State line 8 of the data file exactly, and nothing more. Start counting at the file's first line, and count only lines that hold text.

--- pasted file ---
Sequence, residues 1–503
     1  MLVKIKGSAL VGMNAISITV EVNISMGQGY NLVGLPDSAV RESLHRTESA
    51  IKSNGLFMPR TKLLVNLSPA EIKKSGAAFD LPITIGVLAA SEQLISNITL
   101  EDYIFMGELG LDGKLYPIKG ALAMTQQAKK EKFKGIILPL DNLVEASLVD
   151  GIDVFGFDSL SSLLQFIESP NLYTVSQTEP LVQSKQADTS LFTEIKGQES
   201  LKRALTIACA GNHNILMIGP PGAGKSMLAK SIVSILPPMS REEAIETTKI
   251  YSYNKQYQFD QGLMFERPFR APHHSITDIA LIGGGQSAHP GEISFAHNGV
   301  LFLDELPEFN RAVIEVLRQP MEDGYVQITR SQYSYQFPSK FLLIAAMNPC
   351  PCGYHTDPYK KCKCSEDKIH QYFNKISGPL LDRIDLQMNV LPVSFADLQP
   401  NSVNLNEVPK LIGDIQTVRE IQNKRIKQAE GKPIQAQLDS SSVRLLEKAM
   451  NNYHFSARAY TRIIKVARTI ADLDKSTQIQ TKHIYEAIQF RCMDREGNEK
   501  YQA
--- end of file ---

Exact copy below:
   301  LFLDELPEFN RAVIEVLRQP MEDGYVQITR SQYSYQFPSK FLLIAAMNPC